Nude mice were sacrificed at day 28 after treatment. The healing epidermis was harvested, fixed in 4% polyoxymethylene, and then stained with H&E. The H&E staining showed many typical hair follicle-like structures (Fig. 5a) in the healing epidermis treated with the hAAM with cells compared with those in treated with the hAAM alone and Vaseline (Fig. 5a).

Fig. 5
figure5

Immunohistochemical and H&E staining analyses. a H&E staining of the structures in the healing epidermis. Follicle-like structures were detected in the group of the hAAM with cells in comparison with the group of the hAAM alone and blank group. Scale bar represents 200 μm. b Expression of keratinocyte markers Krt10 and loricrin in the upper epidermis. c GFP was detected in newly formed hair follicles and epidermis. Scale bar represents 100 μm. d Expression of hair follicle-specific marker Krt15 in the outer sheath of hair follicles overlapping with the positive location of GFP. Scale bar represents 100 μm

Immunohistochemical analysis revealed the expression of mature keratinocyte marker Krt10 and loricrin in the upper epidermis of healing skin (Fig. 5b). Some cells in the newly formed epidermis were positive for GFP (Fig. 5c), revealing that iPSC-derived EpSCs participated in the reconstruction of the interfollicular epidermis. Expression of the marker Krt15 specific for hair follicles was also detected in newly formed hair follicles (Fig. 5d). The location of Krt15 expression was the “bulge” where the hair follicle stem cells were located. More importantly, the expression of GFP, which was pretransfected into iPS cells, was also detected in the positive location of Krt15 (Fig. 5d), suggesting that cells derived from iPSCs also participated in the formation of follicles with a bulge.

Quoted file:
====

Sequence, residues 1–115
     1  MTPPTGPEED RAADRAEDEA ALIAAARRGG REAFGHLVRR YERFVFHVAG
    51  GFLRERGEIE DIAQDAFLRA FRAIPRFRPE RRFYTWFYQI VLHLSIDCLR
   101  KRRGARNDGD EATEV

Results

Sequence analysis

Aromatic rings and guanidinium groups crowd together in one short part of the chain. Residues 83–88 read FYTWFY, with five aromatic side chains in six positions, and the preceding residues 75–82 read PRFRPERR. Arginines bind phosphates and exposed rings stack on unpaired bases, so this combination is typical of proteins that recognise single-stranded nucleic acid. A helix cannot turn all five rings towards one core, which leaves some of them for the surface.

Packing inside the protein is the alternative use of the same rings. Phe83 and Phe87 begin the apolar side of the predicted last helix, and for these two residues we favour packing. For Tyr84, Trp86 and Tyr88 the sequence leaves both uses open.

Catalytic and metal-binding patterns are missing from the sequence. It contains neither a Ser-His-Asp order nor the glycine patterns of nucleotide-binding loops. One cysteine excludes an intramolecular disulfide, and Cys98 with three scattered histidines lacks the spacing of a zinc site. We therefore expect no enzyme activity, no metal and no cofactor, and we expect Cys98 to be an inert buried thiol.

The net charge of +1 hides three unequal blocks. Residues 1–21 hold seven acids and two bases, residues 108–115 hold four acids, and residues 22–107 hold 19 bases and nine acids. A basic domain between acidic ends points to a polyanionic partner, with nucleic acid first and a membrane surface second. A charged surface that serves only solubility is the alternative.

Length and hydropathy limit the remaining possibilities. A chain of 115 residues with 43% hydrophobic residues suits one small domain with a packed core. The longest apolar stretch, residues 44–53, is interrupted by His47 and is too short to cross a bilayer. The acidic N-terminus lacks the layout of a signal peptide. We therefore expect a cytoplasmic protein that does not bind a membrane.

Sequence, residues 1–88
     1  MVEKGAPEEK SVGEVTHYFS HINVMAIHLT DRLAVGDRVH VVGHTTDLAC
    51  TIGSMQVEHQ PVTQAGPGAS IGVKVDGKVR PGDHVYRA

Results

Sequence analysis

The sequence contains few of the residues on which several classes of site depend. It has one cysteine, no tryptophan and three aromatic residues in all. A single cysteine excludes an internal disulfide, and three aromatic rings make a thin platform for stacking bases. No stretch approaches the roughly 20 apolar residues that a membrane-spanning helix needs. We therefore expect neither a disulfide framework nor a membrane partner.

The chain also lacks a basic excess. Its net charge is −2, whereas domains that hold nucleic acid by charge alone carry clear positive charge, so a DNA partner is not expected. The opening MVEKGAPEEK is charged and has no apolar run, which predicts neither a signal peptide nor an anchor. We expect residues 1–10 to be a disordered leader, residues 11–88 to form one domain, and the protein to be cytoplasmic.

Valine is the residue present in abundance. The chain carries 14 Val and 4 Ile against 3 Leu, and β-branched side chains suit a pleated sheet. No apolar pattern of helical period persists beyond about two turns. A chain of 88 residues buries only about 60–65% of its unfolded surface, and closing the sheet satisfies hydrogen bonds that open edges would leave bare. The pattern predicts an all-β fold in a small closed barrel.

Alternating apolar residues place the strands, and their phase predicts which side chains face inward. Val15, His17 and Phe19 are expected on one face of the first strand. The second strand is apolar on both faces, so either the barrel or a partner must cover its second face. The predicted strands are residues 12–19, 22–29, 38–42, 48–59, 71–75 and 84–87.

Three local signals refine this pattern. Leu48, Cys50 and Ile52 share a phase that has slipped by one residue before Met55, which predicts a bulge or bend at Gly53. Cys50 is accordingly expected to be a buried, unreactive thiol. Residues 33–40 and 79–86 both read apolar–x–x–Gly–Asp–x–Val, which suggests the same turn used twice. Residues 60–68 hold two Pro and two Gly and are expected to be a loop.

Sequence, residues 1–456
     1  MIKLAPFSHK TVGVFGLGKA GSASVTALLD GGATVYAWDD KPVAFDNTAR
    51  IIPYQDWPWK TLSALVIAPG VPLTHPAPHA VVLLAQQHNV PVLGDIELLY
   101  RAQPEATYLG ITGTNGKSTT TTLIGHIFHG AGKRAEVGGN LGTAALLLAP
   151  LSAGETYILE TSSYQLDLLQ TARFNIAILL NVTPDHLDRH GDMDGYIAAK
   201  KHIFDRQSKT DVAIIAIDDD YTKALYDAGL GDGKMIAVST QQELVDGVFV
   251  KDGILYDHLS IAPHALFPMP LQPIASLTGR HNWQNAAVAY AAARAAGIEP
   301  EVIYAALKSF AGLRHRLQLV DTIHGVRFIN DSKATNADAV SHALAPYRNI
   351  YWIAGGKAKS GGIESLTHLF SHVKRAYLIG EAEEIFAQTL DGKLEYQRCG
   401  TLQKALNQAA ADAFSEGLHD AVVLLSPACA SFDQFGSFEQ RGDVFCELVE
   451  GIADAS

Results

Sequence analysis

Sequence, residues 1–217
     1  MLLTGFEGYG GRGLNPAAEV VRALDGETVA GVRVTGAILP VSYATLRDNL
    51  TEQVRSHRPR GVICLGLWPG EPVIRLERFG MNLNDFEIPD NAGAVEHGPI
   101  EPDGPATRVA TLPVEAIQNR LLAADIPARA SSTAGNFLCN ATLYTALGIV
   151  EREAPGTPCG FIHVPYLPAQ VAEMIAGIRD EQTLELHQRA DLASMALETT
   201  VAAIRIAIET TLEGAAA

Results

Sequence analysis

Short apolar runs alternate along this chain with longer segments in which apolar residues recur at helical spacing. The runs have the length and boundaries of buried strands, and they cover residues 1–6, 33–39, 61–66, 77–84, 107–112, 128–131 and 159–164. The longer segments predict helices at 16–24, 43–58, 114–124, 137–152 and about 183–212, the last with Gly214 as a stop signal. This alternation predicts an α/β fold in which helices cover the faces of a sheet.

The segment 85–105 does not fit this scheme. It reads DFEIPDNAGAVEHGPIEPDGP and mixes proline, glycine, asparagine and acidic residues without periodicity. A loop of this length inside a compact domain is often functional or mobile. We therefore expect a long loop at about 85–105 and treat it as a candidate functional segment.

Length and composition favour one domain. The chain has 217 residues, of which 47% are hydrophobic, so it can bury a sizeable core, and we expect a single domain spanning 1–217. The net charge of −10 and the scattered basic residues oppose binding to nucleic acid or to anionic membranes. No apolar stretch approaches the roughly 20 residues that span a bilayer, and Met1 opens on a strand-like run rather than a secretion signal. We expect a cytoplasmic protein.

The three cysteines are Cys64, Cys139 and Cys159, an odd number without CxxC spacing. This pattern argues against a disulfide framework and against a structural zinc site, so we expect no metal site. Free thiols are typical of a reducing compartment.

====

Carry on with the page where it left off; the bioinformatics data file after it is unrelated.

Discussion

Pluripotent stem cells can differentiate into various kinds of cells under appropriate conditions that involve many growth factors. Bone morphogenetic protein 4 (BMP-4) promotes differentiation of the epidermis and inhibits neural fate through the Smad pathway [31, 32]. Therefore, it is used to induce embryonic stem cells to differentiate into keratinocytes [33]. Moreover, retinoic acid and EGF activate expression of both ectodermal and mesodermal markers, which are used to induce differentiation of ectodermal and mesodermal cells [34]. After establishing the neuroectoderm fate, RA is commonly used to induce nerve differentiation [35]. However, when the neuronal fate is initially blocked by BMP-4, RA induces the epithelial fate of ectodermal derivatives (presumably through induction of ΔNp63 expression) [36], thereby significantly improving the differentiation efficiency of keratinocytes. BMP-4 and RA signaling pathways have been used to induce iPSCs into keratinocytes [23]. EGF was subsequently added [37], which was found to significantly improve the efficiency of keratinocyte amplification [38] and provided sufficient cells for cell-based therapy of skin wounds. Yang et al. [26] further found that they maintained the differentiation of iPS cells at the early stage of epithelial differentiation by precisely regulating the EGF signaling pathway, and then obtained multipotent epidermal stem cells expressing markers ITGA6 and CD200. In the present study, we established an iPSC line derived from urinary cells of a healthy donor through activation of endogenous pluripotent genes SOX2, KLF4, OCT4, and c-MYC and induced iPSCs to differentiate into epithelial stem cells (iPSC-derived EpSCs) expressing CD200 and ITGA6 genes specific for hair follicle stem cells. We cultured small clumps of iPSCs on a low-cluster plate to form EBs and blocked the neural fate of iPSCs with BMP-4. The newly formed EBs were subsequently seeded onto mitomycin-C-treated 3T3 fibroblasts in the presence of RA for differentiation of ectodermal like cells and cultured for 8 days with RA, BMP-4, and EGF to induce these cells to differentiate into epidermal stem cells. After 11 days of differentiation, we obtained cells with epithelial-specific polygonal morphology. These cells expressed both genes specific for epithelial stem cells (Krt14, Krt1, and ITGB1) and hair follicle stem cells (Krt15, Krt19, CD200, and ITGA6). Moreover, some of these cells were CD200+/ITGA6+, which may be defined as folliculogenic epithelial stem cells with properties that resembled hair follicle stem cells in a previous study [26].